The TWHBEA has not responded to my several requests for comment on soring in the industry.
I would appreciate a response.
Sharon Rondeau, Editor
The Post & Email
P.O. Box 113
Canterbury, CT 06331-0113
After submitting the email, we received a confirmation of its receipt.
“TWHBEA” refers to the Tennessee Walking Horse Breeders’ and Exhibitors’ Association, which we tried to contact on several occasions.
On Monday, The Post & Email contacted the Trump transition team on the issue of enforcement of the Horse Protection Act, particularly in light of the fact that Trump has not yet chosen a nominee for Agriculture Secretary.
The email attributed to Corinne Gould was a response to a second set of questions The Post & Email posed in regard to the state of Tennessee’s position on soring and “action items.” The entire response reads:
The responses to your questions are in green below.
From: firstname.lastname@example.org [mailto:email@example.com]
Sent: Wednesday, December 07, 2016 7:06 PM
To: Corinne Gould
Subject: RE: MEDIA INQUIRY – “PROJECT PEGASUS”
Thank you very much, Ms. Gould, for your response.
If TWHs did not wear “stacks” and chains in the show ring, would there be concern about their “soundness?”
The Tennessee Department of Agriculture (TDA) does not support soring or abuse of any livestock for any reason at any time. Equine associations governing all breeds of horses and disciplines require that show horses be sound. The concern for soundness crosses all sectors, regardless of any style of shoe or equipment used in the ring.
Why is the “industry” experiencing challenges in its longevity if horse shows are an intrinsic part of Tennessee culture? Why would horse shows not be as popular as they have always been?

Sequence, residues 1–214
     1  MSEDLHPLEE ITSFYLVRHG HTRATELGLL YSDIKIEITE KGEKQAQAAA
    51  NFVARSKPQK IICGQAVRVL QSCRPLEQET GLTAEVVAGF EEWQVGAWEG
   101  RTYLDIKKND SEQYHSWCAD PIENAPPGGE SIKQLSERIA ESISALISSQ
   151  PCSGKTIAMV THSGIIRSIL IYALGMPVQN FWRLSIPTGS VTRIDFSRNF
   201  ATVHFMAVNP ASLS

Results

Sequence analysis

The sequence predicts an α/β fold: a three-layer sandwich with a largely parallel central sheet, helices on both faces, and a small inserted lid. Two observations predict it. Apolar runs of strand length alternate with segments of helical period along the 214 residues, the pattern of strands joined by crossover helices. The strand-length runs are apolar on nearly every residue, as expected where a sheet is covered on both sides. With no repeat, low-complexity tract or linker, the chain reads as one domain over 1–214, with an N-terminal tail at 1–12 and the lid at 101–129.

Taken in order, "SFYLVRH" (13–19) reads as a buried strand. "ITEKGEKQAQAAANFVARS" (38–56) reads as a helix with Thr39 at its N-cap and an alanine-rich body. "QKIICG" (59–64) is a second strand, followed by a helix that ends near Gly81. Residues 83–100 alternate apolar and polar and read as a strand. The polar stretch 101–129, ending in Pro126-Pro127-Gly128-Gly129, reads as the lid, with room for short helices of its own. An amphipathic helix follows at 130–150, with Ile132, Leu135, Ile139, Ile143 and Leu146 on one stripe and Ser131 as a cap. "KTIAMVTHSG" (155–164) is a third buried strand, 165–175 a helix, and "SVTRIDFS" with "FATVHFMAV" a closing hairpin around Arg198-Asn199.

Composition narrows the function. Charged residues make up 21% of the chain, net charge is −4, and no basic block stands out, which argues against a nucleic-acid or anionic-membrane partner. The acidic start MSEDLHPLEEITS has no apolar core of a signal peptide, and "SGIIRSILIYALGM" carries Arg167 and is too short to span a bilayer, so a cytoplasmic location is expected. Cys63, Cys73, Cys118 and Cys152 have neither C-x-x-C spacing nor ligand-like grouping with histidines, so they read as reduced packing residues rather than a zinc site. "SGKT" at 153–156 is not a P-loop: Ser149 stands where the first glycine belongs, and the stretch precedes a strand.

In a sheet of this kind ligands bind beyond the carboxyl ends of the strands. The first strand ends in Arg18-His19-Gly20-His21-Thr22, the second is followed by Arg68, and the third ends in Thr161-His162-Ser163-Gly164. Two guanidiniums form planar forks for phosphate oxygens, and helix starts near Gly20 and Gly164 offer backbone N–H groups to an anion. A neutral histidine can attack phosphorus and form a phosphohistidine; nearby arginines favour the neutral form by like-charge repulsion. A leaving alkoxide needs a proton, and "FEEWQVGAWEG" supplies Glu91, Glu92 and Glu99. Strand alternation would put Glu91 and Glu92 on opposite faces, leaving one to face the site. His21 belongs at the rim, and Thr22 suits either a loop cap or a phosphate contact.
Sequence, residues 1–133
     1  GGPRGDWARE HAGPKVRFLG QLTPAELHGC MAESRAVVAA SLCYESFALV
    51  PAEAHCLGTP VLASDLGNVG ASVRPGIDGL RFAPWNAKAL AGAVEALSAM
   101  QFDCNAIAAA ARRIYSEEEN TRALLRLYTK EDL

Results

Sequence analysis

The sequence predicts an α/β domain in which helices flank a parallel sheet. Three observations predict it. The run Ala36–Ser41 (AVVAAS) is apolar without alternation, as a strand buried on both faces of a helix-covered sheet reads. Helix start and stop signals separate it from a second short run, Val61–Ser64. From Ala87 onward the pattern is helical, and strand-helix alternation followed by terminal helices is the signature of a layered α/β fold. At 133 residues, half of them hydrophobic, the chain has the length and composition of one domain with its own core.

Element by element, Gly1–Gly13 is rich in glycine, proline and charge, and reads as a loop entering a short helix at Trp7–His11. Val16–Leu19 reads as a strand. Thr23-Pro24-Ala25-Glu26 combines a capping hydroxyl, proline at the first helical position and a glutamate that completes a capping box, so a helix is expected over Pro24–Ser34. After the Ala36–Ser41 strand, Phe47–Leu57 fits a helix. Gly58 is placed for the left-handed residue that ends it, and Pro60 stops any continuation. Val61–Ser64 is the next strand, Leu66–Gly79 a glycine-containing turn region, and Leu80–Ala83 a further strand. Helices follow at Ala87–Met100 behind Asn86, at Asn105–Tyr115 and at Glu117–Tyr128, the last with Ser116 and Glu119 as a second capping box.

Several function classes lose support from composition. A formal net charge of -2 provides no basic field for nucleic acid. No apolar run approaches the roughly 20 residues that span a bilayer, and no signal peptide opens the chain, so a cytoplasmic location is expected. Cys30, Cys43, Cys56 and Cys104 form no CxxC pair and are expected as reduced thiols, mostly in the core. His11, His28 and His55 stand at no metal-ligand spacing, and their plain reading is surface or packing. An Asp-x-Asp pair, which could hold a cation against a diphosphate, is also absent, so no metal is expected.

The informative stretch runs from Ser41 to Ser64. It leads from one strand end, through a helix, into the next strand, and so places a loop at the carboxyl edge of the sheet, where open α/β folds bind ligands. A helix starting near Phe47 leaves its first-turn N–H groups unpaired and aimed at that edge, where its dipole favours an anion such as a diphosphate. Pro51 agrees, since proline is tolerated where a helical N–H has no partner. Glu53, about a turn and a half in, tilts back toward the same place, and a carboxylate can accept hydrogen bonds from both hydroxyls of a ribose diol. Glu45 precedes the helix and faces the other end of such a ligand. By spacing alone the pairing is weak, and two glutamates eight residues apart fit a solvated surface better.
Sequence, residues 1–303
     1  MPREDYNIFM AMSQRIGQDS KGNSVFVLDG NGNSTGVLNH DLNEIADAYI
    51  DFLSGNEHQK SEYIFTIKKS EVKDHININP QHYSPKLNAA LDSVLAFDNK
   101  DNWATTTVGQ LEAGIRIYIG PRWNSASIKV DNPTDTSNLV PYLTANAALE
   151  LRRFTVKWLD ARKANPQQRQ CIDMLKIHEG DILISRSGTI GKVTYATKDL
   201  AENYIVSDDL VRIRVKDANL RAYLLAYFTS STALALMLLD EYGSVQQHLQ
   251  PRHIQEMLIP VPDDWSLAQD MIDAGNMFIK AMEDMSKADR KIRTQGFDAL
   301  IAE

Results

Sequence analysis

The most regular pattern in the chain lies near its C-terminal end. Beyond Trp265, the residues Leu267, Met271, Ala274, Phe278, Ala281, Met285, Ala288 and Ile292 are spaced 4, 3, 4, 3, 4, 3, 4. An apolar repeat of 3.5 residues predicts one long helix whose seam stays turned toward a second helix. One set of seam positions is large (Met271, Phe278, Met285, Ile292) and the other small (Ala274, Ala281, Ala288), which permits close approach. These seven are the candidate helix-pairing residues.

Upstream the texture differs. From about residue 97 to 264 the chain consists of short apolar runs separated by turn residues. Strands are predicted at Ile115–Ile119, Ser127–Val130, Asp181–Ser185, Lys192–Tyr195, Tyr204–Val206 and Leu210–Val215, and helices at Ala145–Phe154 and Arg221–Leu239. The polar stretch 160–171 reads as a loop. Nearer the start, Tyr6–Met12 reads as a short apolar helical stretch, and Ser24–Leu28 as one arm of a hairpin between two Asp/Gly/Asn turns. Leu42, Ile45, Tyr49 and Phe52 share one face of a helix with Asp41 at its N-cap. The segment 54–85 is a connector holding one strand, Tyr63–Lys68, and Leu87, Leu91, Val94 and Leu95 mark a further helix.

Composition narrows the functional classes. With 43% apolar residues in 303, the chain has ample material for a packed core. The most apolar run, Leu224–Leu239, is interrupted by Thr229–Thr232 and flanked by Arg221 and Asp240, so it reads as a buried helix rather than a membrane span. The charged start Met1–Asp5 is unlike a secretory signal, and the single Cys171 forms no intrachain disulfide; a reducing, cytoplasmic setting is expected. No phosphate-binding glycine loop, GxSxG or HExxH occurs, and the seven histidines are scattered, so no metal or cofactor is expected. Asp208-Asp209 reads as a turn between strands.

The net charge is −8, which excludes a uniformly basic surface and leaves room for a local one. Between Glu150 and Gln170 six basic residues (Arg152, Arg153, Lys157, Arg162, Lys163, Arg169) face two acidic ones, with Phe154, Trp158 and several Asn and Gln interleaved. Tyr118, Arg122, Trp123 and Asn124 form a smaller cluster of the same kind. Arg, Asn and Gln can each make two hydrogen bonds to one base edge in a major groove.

Per my statement, horse shows are an intrinsic part of agriculture, and a critical economic driver in many of our communities. That statement is not specific to shows for Tennessee Walking Horses. A variety of venues host horse shows for a variety of breeds and disciplines throughout the year across our state. We do not track data on individual horse show participation, so I cannot speak to the participation numbers at all horse shows. If you’d like to reach out to various breed associations, they may be able to provide an overview.
Are horses equipped with “action items” such as stacks and chains experiencing pain as they walk? Can a horse be trained to lift its front legs so high without painful treatment? Why the stack shoes?
Science-based data was used to establish federal law and limits for construction and weight of the pads and action devices with the conclusion that devices below those limit thresholds do not cause pain or unsoundness. I am not a horse trainer and therefore cannot speak to training methods or equipment use.
Of course, I am seeking answers to these questions from the TWHBEA, but they do not respond.
Thank you very much.
Sharon Rondeau, Editor
The Post & Email
Our initial questions to Gould and her responses can be read here.
On December 2, The Post & Email interviewed “BillygoBoy,” or Clant Seay, a former horse owner and retired attorney who agreed with the convicted trainer, Barney Davis, that a horse will not be induced to exhibit the “Big Lick” gait without its having been subjected to soring.
A more complete synopsis of our interview with Seay will be presented in the near future.
“A horse will not walk on his hind legs unless he’s sore,” Davis told the Humane Society at 9:53 in the referenced video. “The only way to win the Celebration is ‘sore.’ “I’ve showed at the Celebration three, maybe four times. I trained ’em myself, and they were sore…all of my horses were sore,” he said.
The Post & Email will publish any response it receives from the National Celebration.
Sharon Rondeau has operated The Post & Email since April 2010, focusing on the Obama birth certificate investigation and other government corruption news. She has reported prolifically on constitutional violations within Tennessee’s prison and judicial systems.